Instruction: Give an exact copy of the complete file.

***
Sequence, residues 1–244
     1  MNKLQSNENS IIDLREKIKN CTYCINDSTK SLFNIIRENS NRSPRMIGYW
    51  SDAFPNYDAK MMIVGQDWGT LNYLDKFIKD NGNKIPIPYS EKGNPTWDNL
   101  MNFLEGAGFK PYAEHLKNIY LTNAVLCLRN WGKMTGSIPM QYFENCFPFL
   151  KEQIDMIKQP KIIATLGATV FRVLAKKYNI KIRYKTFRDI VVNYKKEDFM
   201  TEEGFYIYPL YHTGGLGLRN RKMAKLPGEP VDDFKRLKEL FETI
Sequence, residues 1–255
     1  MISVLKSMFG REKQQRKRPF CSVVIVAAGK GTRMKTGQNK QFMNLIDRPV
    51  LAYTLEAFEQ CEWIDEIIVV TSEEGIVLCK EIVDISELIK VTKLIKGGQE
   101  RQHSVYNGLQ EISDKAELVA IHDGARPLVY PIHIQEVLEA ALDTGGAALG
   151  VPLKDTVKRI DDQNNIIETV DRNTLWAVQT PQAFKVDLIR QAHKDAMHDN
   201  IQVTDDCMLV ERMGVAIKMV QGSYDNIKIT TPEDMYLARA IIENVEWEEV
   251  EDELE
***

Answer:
Sequence, residues 1–244
     1  MNKLQSNENS IIDLREKIKN CTYCINDSTK SLFNIIRENS NRSPRMIGYW
    51  SDAFPNYDAK MMIVGQDWGT LNYLDKFIKD NGNKIPIPYS EKGNPTWDNL
   101  MNFLEGAGFK PYAEHLKNIY LTNAVLCLRN WGKMTGSIPM QYFENCFPFL
   151  KEQIDMIKQP KIIATLGATV FRVLAKKYNI KIRYKTFRDI VVNYKKEDFM
   201  TEEGFYIYPL YHTGGLGLRN RKMAKLPGEP VDDFKRLKEL FETI
Sequence, residues 1–255
     1  MISVLKSMFG REKQQRKRPF CSVVIVAAGK GTRMKTGQNK QFMNLIDRPV
    51  LAYTLEAFEQ CEWIDEIIVV TSEEGIVLCK EIVDISELIK VTKLIKGGQE
   101  RQHSVYNGLQ EISDKAELVA IHDGARPLVY PIHIQEVLEA ALDTGGAALG
   151  VPLKDTVKRI DDQNNIIETV DRNTLWAVQT PQAFKVDLIR QAHKDAMHDN
   201  IQVTDDCMLV ERMGVAIKMV QGSYDNIKIT TPEDMYLARA IIENVEWEEV
   251  EDELE